Bernard Barnes

Bernard Barnes’ Visionary Canvases

Jim Perrin tells the story of Welsh artist Bernard Barnes, artist of the art on the hill Sistine Chapel Project in Barmouth.

In his peerless 1930s travel narrative, A Time of Gifts, Patrick Leigh Fermor tells of how his companion Annamaria “acted as Open Sesame to a private house [in Budapest] with a long room which was empty except for half-a-dozen tremendous El Grecos.” Twenty-five years ago, in a side-room upstairs at Pest’s Museum of Fine Arts, unexpectedly I came across three luminous, ethereal El Grecos which must surely have been among the ones Leigh Fermor encountered in 1934. Something of the same overwhelming sense of astonishment and delight I felt then thrilled through me recently in the unlikely setting of a former church hall in Old Barmouth, on the craggy hillside above the candy-floss, chip-shops and dodgem-rides of Brummagem-on-Sea.

This church hall – listed and distinguished, Tudorbethan-style, tucked into a rock ledge below the vast II* St. John’s Church which is the nearest thing the Cardigan Bay coast possesses to a cathedral – seven years ago was a dilapidated and neglected shell, roof and windows deteriorating, poised on the cusp of terminal decline, and in the care of an ecclesiastical authority with neither use for nor idea of what to do with it. As with the equally fine Coleg Harlech ten miles up the coast, now also suffering malignant neglect, entropy looked set to take its course.

bernard barnesHappy chance intervened. Seven years ago two gifted artists, working far outside the fashions of their time, uncommitted to any school or –ism, began to rent the church hall as studio space. Reyna Rushton was born at Lamorna of Romany stock; her partner Bernard Barnes is a former itinerant Methodist preacher, brought up in that lunar, post-industrial landscape of Flintshire’s Halkyn Mountain, and trained as Religious Knowledge teacher in Dudley College of Education. Enter a third agency, in the form of Harold Gassner, from the early 1980s a collector of Barnes’s work, and a Schwabian psychotherapist with family connections to Ardudwy. He’d picked up Barnes when he was hitch-hiking one day, and they became firm friends.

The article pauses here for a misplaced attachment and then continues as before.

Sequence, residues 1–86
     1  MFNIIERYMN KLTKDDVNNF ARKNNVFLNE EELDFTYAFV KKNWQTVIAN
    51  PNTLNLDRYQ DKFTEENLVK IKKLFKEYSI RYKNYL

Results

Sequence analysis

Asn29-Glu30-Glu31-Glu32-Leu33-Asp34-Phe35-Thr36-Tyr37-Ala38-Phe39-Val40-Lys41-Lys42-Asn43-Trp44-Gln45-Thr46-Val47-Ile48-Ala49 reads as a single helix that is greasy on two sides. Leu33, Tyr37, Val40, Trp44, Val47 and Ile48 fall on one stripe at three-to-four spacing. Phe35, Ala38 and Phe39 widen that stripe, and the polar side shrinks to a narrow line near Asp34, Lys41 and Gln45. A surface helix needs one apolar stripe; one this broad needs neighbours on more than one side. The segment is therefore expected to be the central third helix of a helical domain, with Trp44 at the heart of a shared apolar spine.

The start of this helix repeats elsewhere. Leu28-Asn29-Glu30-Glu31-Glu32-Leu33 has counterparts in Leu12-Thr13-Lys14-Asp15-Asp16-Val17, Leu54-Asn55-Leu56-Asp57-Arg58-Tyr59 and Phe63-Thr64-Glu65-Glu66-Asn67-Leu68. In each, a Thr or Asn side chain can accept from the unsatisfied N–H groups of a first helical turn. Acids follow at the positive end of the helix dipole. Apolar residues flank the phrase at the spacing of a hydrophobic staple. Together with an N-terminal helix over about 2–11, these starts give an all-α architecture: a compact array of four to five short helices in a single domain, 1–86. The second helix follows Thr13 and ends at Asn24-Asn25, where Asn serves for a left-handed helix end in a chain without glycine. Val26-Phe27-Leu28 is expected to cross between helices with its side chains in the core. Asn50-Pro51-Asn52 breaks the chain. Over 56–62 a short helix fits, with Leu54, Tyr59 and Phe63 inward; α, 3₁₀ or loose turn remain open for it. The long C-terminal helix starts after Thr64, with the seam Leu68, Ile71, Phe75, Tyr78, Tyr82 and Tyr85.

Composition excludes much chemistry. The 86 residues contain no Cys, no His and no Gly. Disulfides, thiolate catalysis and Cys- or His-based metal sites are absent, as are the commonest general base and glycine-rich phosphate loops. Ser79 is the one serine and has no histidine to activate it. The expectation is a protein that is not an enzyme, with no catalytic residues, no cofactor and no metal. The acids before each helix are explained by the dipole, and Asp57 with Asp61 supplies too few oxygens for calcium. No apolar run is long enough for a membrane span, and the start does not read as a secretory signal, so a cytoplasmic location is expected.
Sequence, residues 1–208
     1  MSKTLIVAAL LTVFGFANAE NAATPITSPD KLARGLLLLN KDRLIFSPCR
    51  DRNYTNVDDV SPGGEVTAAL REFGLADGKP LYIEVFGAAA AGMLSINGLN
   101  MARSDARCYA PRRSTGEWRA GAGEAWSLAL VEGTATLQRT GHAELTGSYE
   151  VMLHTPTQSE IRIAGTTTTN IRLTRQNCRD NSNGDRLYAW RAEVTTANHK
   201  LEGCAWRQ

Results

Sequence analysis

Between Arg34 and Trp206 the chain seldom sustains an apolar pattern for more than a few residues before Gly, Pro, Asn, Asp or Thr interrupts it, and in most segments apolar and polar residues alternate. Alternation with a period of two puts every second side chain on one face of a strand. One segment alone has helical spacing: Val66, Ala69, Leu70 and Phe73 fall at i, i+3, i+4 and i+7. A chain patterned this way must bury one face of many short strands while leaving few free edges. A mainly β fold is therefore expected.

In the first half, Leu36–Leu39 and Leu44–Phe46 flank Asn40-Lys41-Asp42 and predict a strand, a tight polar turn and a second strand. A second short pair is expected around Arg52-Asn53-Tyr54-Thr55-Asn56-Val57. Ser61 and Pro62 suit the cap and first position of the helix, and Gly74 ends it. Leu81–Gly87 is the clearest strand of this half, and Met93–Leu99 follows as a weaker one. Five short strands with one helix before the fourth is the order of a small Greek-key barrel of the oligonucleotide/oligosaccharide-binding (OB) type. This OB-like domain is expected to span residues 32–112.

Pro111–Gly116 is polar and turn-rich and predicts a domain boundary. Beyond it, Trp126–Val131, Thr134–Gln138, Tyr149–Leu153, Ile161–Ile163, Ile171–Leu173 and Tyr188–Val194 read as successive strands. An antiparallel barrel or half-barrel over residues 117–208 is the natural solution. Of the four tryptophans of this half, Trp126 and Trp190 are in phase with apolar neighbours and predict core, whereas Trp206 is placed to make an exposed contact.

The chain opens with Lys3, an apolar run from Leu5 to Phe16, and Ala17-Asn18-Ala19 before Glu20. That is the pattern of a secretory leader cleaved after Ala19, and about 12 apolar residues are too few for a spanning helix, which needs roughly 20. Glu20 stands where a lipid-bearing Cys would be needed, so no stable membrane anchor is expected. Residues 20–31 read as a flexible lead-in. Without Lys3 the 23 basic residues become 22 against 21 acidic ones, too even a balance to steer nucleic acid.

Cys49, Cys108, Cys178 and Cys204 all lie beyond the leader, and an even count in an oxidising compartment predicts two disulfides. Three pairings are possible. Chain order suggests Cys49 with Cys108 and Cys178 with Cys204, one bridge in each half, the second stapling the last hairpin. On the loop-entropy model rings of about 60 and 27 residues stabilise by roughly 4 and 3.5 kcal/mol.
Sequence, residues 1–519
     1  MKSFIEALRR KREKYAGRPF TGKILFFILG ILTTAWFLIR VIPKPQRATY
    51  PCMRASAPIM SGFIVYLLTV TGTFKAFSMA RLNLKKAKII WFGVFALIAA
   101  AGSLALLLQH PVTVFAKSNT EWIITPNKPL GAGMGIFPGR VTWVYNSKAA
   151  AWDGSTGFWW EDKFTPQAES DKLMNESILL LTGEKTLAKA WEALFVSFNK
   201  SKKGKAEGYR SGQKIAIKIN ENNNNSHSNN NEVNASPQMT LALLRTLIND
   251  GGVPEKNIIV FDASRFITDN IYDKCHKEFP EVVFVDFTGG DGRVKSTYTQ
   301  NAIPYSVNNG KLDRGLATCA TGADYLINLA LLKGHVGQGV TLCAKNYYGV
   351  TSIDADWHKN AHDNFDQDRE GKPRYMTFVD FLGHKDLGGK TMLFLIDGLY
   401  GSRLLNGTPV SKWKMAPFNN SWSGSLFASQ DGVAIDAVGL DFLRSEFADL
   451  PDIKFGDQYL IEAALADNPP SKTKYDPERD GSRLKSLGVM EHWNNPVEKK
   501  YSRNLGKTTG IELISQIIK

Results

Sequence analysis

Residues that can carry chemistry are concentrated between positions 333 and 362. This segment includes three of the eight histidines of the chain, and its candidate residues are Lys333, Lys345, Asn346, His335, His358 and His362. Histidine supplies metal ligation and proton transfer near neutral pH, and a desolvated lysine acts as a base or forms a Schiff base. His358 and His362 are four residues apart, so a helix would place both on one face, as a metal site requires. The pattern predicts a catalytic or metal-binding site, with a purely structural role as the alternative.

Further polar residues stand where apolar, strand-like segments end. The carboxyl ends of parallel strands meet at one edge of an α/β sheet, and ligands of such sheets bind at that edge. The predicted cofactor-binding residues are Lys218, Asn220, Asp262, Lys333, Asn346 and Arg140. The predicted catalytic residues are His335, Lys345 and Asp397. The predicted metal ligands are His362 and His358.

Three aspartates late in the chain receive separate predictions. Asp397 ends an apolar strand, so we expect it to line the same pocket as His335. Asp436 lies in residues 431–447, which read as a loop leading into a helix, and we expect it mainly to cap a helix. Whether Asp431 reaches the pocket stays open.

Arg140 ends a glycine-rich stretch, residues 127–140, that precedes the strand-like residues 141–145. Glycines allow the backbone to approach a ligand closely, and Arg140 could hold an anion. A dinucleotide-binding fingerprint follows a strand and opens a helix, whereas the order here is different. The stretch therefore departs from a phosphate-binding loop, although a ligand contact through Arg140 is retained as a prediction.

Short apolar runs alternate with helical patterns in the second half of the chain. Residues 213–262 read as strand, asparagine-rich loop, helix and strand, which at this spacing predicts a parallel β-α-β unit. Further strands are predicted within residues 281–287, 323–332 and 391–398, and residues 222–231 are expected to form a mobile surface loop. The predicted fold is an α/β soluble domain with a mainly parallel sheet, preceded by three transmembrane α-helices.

Years later Gassner interested himself in the church hall, saw its dilapidated state, and bought it. Roof and windows were repaired; some restoration work undertaken; a light and roomy exhibition venue was the result. Though not as yet widely known, and still basic in its essential facilities, it’s now a remarkable focus for the area’s cultural activity: music, readings, exhibitions, lecture-series. It also had sufficient space for the ambitious syncretism of Barnes’s artistic project. The north wall is vast, illuminated by diffused light from high, latticed windows. On it are mounted 24 panels of a major painting, Captives of the Cosmic Web. You enter through one mounted on a door, take a few steps forward, turn round, and are confronted by an entire cosmology – by an artistic view of the creation of the universe and our place and history within it.

It is almost too large, almost too ambitious, to talk of in painterly terms. Certainly you can trace influences. The deconstructive lessons of Pointillism, Cubism, Impressionism, Fauvism, have left their marks on the imagination at work here, and on the grids which contain it and link themes like synaptic impulses in the brain. There are throbbing reminders of Picasso, Braque, Cezanne, Monet. One ascending swirl of portraits in a right-hand panel prompts recollection of El Greco’s cynical patrons-piece in Toledo’s Church of Santo Tome, El Entierro del Conde de Organ – except that the figures painted here are Crick, Rutherford, Hubble haloed in a red shift, Watson, Pasteur, Mendel, Max Planck – scientists at their verifications, grouped below a loft where Bach plays the organ. Climbing again, your eye enters the landscape of Kubla Khan, inhabited by Copernicus and Galileo, Plato orchestrating his academy, Socrates pondering the fatal hemlock.